Harvesting solar power in residences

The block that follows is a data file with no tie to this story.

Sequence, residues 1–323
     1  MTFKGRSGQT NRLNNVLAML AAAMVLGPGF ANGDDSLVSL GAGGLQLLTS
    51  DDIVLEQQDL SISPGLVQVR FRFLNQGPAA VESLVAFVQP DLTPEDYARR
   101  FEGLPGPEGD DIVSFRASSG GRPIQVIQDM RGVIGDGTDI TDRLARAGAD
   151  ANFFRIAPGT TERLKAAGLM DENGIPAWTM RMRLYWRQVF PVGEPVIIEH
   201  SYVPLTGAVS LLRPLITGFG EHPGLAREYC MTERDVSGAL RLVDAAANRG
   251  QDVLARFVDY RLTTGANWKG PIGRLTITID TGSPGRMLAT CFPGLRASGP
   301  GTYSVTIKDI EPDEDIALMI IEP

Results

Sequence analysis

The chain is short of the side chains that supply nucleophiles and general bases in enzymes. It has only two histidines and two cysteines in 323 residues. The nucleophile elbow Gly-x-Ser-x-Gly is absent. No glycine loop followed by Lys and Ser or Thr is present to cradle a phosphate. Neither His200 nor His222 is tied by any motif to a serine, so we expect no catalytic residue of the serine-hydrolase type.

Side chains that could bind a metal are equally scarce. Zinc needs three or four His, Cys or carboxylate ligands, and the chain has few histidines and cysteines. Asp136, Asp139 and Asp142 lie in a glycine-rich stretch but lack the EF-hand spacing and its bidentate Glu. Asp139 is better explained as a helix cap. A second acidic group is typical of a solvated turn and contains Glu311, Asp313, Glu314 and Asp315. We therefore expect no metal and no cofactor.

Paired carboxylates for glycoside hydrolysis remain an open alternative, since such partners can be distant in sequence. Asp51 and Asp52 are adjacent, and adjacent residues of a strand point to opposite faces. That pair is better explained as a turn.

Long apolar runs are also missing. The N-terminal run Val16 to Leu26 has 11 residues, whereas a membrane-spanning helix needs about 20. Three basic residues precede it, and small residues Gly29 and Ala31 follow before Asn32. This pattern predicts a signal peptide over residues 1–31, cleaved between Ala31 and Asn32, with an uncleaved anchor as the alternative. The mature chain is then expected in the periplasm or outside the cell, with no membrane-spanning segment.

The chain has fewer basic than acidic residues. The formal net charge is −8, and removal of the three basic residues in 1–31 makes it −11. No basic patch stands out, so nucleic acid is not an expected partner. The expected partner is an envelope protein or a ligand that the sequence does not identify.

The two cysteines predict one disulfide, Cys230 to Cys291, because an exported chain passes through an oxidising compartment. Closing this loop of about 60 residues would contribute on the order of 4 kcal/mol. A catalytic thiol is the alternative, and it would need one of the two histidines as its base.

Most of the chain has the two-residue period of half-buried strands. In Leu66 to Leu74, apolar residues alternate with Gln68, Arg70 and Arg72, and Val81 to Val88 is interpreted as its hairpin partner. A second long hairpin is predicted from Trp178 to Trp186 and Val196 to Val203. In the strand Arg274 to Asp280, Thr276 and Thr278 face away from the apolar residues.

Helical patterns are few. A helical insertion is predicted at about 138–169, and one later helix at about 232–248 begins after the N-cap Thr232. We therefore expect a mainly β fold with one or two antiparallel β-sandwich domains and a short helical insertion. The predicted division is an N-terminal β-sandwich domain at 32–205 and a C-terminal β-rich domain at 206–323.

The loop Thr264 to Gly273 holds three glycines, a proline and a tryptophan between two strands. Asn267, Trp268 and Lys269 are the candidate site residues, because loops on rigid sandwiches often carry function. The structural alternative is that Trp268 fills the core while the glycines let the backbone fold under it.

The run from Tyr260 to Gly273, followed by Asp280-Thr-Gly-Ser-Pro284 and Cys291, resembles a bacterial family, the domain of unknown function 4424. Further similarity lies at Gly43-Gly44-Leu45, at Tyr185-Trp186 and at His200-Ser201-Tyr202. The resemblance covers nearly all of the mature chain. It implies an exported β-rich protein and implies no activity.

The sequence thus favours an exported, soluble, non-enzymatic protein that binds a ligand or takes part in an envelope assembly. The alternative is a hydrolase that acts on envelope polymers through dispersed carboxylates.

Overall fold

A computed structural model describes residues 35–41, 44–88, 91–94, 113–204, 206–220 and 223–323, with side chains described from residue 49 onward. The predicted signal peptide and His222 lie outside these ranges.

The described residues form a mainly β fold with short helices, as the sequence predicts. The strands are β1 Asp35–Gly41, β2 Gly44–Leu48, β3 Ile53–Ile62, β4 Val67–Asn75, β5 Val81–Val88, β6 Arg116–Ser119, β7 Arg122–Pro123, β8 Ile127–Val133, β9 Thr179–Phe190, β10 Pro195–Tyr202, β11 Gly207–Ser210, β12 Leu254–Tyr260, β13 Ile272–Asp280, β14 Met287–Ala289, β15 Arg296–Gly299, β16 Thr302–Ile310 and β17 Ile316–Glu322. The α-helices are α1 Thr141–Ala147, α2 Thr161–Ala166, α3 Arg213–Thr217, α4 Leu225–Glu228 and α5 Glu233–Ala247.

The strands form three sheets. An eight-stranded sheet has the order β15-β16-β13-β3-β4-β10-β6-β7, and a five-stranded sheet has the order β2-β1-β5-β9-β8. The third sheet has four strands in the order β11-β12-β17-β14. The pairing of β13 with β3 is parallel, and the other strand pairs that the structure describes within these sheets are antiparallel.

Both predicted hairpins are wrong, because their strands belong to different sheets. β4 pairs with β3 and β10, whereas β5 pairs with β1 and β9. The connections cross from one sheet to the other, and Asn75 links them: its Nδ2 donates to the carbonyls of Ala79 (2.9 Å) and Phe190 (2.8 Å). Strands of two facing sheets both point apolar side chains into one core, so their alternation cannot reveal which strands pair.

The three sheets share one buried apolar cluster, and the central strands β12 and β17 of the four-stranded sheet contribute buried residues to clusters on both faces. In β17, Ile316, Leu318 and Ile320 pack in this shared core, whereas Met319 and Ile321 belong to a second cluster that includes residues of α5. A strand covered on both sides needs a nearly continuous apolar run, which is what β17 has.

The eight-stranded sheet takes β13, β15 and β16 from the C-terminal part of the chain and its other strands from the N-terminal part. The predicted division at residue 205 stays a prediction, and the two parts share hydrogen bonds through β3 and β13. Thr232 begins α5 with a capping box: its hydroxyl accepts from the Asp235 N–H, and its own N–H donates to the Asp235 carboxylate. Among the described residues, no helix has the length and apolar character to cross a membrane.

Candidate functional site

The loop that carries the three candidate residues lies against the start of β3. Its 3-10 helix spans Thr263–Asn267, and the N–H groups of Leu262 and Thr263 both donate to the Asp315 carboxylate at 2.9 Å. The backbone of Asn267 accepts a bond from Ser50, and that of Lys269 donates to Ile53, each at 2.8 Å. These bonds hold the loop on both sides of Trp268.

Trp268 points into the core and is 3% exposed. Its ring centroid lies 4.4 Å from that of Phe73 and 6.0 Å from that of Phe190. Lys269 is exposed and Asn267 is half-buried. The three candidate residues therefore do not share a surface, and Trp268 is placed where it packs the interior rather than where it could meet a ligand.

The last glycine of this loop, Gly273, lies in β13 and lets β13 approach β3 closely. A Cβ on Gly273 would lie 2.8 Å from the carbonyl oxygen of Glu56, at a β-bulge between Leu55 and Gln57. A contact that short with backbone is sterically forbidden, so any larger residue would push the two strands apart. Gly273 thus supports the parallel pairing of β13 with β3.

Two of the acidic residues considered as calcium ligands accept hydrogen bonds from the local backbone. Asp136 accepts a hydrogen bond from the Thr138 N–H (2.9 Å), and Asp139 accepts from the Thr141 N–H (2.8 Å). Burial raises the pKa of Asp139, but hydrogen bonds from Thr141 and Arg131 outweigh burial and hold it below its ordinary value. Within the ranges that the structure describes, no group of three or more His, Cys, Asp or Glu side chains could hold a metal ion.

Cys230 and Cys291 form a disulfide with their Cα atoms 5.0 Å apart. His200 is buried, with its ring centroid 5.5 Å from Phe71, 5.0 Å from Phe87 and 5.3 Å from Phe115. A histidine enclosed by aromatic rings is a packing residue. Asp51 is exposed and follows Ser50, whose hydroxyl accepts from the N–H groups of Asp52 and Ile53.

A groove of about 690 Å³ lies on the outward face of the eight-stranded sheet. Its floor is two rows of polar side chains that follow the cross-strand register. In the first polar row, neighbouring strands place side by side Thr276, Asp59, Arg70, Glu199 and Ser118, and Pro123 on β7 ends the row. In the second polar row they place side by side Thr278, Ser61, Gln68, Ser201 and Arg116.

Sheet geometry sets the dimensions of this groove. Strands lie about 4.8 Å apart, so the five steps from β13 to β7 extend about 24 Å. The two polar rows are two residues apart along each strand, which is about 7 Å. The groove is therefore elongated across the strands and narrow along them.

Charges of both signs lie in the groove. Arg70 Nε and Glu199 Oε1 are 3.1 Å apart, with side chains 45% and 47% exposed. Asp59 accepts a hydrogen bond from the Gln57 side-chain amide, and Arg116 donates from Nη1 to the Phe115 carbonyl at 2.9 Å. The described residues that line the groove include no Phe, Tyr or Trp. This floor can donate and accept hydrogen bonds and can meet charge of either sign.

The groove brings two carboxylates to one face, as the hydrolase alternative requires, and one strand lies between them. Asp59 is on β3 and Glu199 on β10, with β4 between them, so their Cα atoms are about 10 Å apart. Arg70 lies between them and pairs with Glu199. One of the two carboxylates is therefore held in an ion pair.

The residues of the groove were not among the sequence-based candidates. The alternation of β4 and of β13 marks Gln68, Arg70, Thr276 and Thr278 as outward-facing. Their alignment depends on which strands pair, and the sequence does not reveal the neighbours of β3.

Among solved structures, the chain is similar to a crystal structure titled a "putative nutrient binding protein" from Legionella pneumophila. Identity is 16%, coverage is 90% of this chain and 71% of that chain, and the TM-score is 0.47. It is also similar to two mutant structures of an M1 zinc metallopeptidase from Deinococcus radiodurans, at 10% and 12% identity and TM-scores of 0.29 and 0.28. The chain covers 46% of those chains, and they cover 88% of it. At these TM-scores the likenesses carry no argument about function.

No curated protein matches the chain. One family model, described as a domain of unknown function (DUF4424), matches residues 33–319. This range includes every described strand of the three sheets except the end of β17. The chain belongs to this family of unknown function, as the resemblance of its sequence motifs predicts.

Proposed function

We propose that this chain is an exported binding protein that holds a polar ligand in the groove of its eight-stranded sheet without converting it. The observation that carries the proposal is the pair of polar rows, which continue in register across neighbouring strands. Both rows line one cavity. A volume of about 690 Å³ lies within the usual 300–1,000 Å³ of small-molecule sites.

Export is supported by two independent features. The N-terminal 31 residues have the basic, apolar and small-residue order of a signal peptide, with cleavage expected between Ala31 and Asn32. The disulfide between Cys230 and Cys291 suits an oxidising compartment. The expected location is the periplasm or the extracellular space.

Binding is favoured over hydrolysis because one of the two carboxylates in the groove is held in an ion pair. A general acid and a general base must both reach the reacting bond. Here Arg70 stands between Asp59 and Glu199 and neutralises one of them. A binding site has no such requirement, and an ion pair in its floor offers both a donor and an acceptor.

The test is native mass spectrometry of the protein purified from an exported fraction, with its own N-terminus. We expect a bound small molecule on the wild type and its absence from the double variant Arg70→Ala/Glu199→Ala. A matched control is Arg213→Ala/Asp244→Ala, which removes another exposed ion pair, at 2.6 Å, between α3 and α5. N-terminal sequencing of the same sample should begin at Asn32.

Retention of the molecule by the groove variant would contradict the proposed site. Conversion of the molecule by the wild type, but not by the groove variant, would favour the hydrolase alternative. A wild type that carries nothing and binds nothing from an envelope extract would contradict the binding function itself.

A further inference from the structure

With ample sunlight almost around the year, one possibility is to use of solar energy to generate electricity in apartments and township projects in Chennai, writes Durganand Balsavar Steady strides: Solar Examples of how Solar Power is harnessed and used . House in Canada has solar panels on the roof. Impacted by the global context, Chennai is experiencing dramatic change with ever-increasing pressure from growing populations. Rapid urbanisation has resulted in considerable increase in the use of energy and fuel, consequently polluting atmosphere through the release of toxic emissions. This situation calls for a rapid and fundamental reorientation in our thinking, particularly on the part of planners and institutions involved in the process of urban development. The form of our future built environment must be based on a responsible approach to an ecological balance and the use of the inexhaustible energy potential of the sun. Buildings, in urban areas, are major consumers of energy. It has been estimated that in the US, residential and commercial buildings together use two-thirds of all electricity consumed in the country. While the situation is not as acute in India, increasing demands on urbanisation may push in that direction. The percentage of urban population in India increased from 18.0 in 1961 to 27.8 in 2001. The energy consumption raised threefold, from 4.16 to 12.8 quadrillion Btu between 1980 and 2001, putting India next only to the US, Germany, Japan and China in total energy consumption. There is greater recognition that it is time to take meaningful initiatives in this direction, through creating awareness of what are called 'green' buildings. Solar energy paradigm Solar lamp. With ample sunlight almost around the year, one possibility is through use of solar energy and other renewable energy sources to generate electricity to meet the needs of residential buildings in Chennai. At an urban scale similar initiatives could be undertaken to provide solar powered streetlights and other public facilities. Delhi government has decided to pass an order for compulsory use of solar power for advertising hoardings and water heating in government and some categories of buildings. The order also says that lights of advertisement hoardings shall be powered by solar photovoltaic systems at the cost of the franchisee and conventional streetlights shall be replaced by solar photovoltaic powered ones. Tsunami experiences In Tamil Nadu, renewable energy is now making a gradual impact especially in rural areas. Simultaneously though, its utilisation in urban and semi-urban areas has not yet been growing at the desired pace. Wind energy and solar energy seem to be the most preferred at this stage. Pertinent to mention here is that the Ministry of New and Renewable Energy (MNRE) has initiated a programme at the national level assisted by academic & research organisations, solar equipment manufacturers, and funding institutions like the Indian Renewable Energy Development Agency (IREDA). At the State level Non-Governmental Organisations have also, in the absence of infrastructure in rural regions, have invariably relied on solar energy sources. For instance, over the last three years, in coastal Tamil Nadu, affected by the tsunami, several rehabilitation and rebuilding programs were dependant on solar energy for their sustainability. Several temporary shelter enclaves were equipped with cost-effective solar lights and solar fans, in the absence of links to the TNEB network in remote inaccessible areas. The solar street lights are manufactured by companies such as Tata BP Solar. Though the initial cost of investment is relatively higher than the conventional systems, in the long term, in remote rural areas, solar energy has gradually come to be accepted as a more reliable alternative. Solar energy in Chennai Solar street light. If experiments to introduce solar energy are workable in housing settlements in Nagapatinam and Ladakh, a more systematic and concerted effort to explore the possibilities and constraints of introducing such systems in Chennai and other fast growing urban areas is required through the cooperative efforts of the various stakeholders. At a purely theoretical level, the unutilised surface area of the terraces of buildings in the city itself should provide enough incentive to gradually shift to renewable sources like solar energy. In addition balconies also become potential areas to harvest solar power. Even slopped roofs with tiles can accommodate solar panels. The present technology allows for less conspicuous solar array on the roof and they can harvest more energy with less space. In residential developments, the immense potential for use of solar energy equipment exists, through solar lights in common areas and open spaces, gateways, solar fans, solar water heaters and even the possibility of solar cookers in the kitchen. While it could dramatically reduce the consumption of electricity, savings in electricity bills could offset the initial investments. The fact remains that in harnessing it effectively, several initiatives are required.. A nominal solar power backup system UPS that can run 2 lights a fan and a TV can cost about Rs. 28,000/-. These systems have a 20-year durability and a battery life of 3 years. Apprehensions that a cloudy day could mean that there is no solar power need to be allayed.Several solar systems do have back-up energy systems to tide through a few days of cloudy weather. More user-friendly equipment could also facilitate its use on a larger scale. Concerns voiced by environmentalists on the excessive production of photovoltaic solar cells containing silica also need careful examination before deploying the technology. An integrated awareness of the benefits and constraints of solar energy and its sustainability over the long term in conserving and protecting our environment is essential. In order to attain these goals, it will be necessary to modify existing courses of instruction and training, as well as energy supply systems, funding and distribution models, standards, statutory regulations and laws in accordance with the new objectives. The author is an architect practising in Chennai and a visiting faculty at School of Architecture and Planning, Anna University.